This novel tells the story of two very unlikely friends and how their world’s collide.
Laia, a poor Scholar, is set out to save her brother who was captured in her own home by the cruel soldiers trained to be swift, silent assassins. She couldn’t do anything then. She refuses to do nothing now. Her only option to save her brother is to disguise herself as a slave, which is sure to end in death.
On the other hand, Elais, though he may not have taken Laia’s brother, is an assassin, also known as Mask, in training. They are known by the term Masks because of the silver adhesive, nearly permanent, masks they are forced to wear. He is top of his class, nevertheless he does not fit in as he should. Elais has always felt out of place, and has hopes of ending that, when he is drafted into a series of Trials to become the Emperor of a regime he hates.
A story of love, friendship, and family, with the incorporation of some dark circumstances, Sabaa Tahir creates a beautiful and cruel world known only to be thrilling and enrapturing to any and all of it’s readers.
Can I rant? I mean, is that acceptable here? Well, I’m gonna do it anyway, so you might as well get your artillery headphones out.
IFHSOGOIGWIHGPIJRPGJHEROIGHPIORHJGTPEIJ OOOHHHHHHH MY LAWDDDD UGHH…
This book was absolutely amazing! It had the perfect balance of action, adventure, suspense, and heartbreak, along with the teeniest bit of romance so that you weren’t overwhelmed. You know, sometimes when you read YA and its all angsty and stuff and when you finish it you feel like you gotta go take a shower to scrub all the romance off you that you know you will never have? Yah, it was NOTHING like that.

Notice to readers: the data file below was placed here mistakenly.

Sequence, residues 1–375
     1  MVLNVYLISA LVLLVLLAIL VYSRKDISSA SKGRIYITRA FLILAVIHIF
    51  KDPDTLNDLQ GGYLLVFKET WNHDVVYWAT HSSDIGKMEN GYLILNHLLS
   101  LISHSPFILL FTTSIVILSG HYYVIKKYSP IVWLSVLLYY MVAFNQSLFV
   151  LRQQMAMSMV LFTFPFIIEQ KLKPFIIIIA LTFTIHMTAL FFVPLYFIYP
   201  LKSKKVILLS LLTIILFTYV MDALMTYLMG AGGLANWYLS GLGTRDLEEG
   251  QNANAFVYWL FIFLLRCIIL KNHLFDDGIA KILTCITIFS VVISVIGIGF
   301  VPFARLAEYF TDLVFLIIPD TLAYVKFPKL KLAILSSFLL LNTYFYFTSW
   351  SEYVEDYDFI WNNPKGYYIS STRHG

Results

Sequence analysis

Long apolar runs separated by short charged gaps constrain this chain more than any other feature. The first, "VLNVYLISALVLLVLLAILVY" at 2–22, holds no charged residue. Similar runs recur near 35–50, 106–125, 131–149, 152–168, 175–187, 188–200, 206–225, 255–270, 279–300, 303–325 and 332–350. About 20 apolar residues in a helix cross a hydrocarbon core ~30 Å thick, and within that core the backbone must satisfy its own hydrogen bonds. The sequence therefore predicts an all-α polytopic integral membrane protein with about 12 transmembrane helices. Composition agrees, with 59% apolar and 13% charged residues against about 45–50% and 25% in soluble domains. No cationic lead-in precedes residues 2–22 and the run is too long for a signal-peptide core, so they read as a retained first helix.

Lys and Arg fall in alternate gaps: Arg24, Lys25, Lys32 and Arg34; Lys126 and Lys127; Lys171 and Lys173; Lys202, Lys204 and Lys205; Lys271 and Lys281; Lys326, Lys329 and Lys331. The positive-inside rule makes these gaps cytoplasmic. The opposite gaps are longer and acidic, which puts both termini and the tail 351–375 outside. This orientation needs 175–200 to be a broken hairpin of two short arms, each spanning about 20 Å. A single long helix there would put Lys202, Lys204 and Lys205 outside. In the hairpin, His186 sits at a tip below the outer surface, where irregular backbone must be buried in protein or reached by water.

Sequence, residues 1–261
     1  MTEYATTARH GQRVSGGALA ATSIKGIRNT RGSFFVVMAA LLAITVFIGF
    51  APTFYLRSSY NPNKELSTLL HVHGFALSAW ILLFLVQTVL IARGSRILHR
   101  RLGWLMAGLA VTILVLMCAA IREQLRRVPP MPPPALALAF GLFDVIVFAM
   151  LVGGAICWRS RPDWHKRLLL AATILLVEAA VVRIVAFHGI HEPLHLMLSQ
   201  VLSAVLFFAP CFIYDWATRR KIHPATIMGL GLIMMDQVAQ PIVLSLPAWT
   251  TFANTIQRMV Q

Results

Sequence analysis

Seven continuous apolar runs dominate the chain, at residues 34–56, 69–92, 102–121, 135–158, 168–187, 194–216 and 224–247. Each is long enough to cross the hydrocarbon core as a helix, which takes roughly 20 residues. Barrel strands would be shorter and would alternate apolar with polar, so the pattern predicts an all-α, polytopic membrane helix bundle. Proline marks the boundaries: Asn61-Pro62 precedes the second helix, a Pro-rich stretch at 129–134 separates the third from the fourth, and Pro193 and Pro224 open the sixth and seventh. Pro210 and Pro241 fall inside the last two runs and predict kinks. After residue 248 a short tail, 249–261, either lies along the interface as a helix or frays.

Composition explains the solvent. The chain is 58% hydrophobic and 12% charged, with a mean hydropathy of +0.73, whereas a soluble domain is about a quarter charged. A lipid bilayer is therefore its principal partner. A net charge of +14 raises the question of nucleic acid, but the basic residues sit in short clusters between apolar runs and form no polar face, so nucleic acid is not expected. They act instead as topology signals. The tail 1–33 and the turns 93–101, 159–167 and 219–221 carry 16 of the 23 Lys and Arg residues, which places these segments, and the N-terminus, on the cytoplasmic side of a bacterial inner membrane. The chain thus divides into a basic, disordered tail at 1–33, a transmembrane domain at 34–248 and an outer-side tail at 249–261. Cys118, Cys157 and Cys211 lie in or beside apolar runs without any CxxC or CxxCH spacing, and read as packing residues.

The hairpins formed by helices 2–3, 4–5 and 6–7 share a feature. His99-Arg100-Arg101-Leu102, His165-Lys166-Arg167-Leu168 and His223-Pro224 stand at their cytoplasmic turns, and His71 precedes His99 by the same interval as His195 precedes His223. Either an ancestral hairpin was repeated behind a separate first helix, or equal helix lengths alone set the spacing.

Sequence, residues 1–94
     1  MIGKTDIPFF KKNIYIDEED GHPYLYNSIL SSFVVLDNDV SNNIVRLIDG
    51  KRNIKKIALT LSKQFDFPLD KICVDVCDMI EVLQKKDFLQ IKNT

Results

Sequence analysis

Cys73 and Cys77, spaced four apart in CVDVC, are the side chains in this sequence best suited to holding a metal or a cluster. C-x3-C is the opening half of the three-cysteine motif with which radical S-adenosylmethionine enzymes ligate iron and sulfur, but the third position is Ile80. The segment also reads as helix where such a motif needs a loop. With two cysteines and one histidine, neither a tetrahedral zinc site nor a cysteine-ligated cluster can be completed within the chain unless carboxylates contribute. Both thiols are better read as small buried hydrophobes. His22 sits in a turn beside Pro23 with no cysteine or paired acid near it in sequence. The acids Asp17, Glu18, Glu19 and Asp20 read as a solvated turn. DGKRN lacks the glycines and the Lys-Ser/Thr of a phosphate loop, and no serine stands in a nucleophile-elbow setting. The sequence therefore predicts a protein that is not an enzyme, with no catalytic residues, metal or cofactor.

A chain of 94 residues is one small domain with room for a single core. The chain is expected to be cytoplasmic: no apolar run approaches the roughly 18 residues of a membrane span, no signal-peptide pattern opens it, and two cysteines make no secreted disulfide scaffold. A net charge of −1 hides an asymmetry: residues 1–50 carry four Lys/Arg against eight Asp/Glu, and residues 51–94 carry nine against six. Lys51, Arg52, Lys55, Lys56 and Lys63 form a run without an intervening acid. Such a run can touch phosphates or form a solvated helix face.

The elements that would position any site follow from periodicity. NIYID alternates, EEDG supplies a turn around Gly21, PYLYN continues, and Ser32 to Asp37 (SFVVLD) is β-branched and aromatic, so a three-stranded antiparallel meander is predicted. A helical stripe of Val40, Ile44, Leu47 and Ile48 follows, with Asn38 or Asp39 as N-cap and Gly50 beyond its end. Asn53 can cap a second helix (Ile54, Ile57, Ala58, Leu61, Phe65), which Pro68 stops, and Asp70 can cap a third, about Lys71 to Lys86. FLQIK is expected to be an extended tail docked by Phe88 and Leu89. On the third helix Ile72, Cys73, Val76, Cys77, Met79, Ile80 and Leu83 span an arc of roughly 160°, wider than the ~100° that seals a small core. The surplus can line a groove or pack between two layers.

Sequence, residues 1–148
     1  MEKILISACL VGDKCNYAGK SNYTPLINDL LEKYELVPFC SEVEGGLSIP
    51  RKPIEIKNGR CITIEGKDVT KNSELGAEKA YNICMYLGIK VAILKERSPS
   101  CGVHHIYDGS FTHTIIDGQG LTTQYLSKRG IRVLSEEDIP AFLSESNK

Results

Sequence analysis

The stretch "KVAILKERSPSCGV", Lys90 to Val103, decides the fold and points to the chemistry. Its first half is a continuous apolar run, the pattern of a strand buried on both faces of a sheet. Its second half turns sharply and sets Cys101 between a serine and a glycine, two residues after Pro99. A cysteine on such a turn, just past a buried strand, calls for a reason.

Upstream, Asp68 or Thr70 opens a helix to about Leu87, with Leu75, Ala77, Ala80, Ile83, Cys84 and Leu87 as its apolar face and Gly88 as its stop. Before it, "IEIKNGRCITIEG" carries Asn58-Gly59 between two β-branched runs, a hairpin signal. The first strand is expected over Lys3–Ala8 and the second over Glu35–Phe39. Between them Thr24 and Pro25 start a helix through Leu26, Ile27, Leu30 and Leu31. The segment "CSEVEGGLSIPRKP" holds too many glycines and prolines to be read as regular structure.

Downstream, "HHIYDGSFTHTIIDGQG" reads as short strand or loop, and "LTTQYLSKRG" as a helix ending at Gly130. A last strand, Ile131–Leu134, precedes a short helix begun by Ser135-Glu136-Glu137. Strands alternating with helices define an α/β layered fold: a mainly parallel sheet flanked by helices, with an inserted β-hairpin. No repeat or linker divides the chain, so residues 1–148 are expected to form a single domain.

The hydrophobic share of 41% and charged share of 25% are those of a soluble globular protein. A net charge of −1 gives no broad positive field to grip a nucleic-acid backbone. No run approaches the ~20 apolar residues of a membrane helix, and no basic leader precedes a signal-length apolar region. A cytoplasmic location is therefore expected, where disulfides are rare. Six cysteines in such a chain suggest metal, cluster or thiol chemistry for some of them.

One of my favorite things about this novel was how each and every action had a motivation for each and every character, and they were actually mature decisions that were explained. There was, of course, acting on impulse, but that is what makes a story better and not drag on for like 30 years. But when any character acted impulsively, they had their reasons and it wasn’t just like, “I’m gonna go jump off a bridge because I love him,” pooy.
The female protagonist, Laia, was not whiny or pushy or complained when she didn’t get her way like many of the Young Adult protagonists we know and love-hate. She knew when to shut her mouth (mainly because being silent was one of the few ways to stay alive, but still), she didn’t let anyone push her around that wasn’t a necessity.
The male protagonist, Elais, was…yummy. He was just so real and understood that he was not in a place that was gonna make him in anyway happy, so he took charge and was gonna change that. Yah, it would be hard, but he didn’t care if it meant being free of a mask (literally and figuratively). Plus, he was just an overall very respectful person to the staff/salves that were about the training facility and anyone he ran into really.
In short (too late), I would highly recommend this book to everyone and their mother, which I actually ended up doing this past weekend at Barnes and Nobel. I may have been eavesdropping, but this kid was trying to find a book and his mother was trying to help him and so I just kinda popped my head over and said how I would highly recommend this book and how much I loved it and yes he looked at me like a freak but that happens in most cases of my life so, whatcha gonna do?
I cannot WAIT for the sequel to come out! UGGGHHHH it is actually killing me. If you read the end you will know what I am talking about. Stupid somewhat cliff hangers. If you are interested in the sequel as well, “A Torch Against The Light,” is said to be coming out sometime around August 30, 2016.
But, please do keep in mind that some of the themes are a little darker than most Young Adult fiction.
Go, read, children of the corn, read and be free.